The book of Leviticus is challenging and these first few chapters all full of blood and food being offered as sacrifice. Since it is challenging I went to a commentary to get some insights and I wanted to share those with you here.
The first thing I learned is that the chronological framework from the book of Leviticus, actually only occupies ONE MONTH in the Sinai Desert. So if this book isn’t really a book that relates a story or history as Genesis, Exodus, & Numbers do then why is it here in the Pentateuch? The focus of this the middle book of the five books of Moses (the Pentateuch) “is on the way God’s people are to interact with divine holiness, in worship and other aspects of life.”
And then beginning in chapter one and carrying through all the way through chapter 6 Moses jumps straight into what seems to be the heart of their worship experience, sacrifice!
We see in these six chapters that God is very specific about what true worship is and isn’t and that all the functions of worship are dictated by His inspired Word.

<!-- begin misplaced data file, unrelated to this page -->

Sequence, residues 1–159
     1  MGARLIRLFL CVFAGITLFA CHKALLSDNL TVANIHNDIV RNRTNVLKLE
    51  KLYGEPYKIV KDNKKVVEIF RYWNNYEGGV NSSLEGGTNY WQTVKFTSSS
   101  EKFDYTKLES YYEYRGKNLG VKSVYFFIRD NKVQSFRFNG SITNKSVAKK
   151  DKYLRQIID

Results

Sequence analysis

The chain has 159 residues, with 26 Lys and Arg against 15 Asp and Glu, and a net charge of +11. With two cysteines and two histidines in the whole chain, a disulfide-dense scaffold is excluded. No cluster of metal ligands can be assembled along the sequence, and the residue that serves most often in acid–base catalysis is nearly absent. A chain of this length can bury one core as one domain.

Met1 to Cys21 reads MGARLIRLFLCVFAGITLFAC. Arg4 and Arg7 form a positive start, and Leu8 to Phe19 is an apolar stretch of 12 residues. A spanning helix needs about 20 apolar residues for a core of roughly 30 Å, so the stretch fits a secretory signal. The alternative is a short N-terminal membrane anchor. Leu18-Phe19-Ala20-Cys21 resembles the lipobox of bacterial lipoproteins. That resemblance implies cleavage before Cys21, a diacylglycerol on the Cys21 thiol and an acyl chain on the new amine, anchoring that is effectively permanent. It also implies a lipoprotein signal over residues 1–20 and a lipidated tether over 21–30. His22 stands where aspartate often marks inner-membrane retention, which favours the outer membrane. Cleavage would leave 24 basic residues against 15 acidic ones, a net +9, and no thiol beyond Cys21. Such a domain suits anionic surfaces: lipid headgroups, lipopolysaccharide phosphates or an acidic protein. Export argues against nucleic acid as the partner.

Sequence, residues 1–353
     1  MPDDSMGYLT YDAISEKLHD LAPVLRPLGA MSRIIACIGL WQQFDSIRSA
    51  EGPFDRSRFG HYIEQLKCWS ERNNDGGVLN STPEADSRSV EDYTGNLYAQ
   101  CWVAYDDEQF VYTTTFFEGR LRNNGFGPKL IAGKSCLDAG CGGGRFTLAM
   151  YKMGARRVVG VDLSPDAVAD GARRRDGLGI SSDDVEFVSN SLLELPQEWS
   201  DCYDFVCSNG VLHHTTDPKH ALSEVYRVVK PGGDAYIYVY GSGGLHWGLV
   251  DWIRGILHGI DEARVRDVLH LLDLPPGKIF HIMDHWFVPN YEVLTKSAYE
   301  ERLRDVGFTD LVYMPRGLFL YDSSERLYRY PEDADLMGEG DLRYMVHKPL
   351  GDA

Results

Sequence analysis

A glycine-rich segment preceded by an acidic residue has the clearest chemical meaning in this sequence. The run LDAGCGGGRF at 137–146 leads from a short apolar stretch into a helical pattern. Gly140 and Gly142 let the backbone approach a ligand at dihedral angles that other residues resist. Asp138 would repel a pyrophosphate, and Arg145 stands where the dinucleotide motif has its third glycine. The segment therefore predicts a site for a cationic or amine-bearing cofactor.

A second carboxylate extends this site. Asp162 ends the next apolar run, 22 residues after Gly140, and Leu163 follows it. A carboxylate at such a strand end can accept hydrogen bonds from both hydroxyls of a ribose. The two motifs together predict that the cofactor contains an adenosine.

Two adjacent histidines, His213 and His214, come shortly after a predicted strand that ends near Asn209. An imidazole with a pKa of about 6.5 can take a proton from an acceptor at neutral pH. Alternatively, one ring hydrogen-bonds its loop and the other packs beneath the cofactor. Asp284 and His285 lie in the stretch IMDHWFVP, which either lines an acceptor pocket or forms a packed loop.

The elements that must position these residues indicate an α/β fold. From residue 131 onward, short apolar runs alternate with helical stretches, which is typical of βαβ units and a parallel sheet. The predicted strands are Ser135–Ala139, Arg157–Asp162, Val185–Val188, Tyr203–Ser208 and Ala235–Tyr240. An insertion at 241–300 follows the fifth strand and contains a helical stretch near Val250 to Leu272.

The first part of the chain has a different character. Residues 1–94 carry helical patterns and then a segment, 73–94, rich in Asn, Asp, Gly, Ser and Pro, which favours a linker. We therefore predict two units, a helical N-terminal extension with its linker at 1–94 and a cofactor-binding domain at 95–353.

Realizing these truths something struck me as I read.
Moses in this book, that is a book about worship, about how to relate to Holiness in worship and life, the immediate inspiration he received was to write about sacrifice as the first element of worship. In our modern day and age worship is not defined by most of us…let’s be honest when we choose churches to go and worship at, most of us are not asking the question, “what would God like me to sacrifice to Him as a symbol of my love and loyalty?” Most of us are asking, “What can this church do for me?” “Is the music a music I will like?” “Did I think the preacher was funny or interesting?” “Well I don’t really care for the church but the children’s programs are great so I will stick with this church for the sake of my kids, but once they’re older I am moving on.” Wow. It seems almost none of our questions are about sacrifice.
Also, I would say is what is important to us in worship more about what we like or more about what has been dictated to us by God?
Tough questions. If we’re honest maybe questions that would convict us to reexamine why and how we worship.
Next Reading: 1 Kings 10-18 (164-171)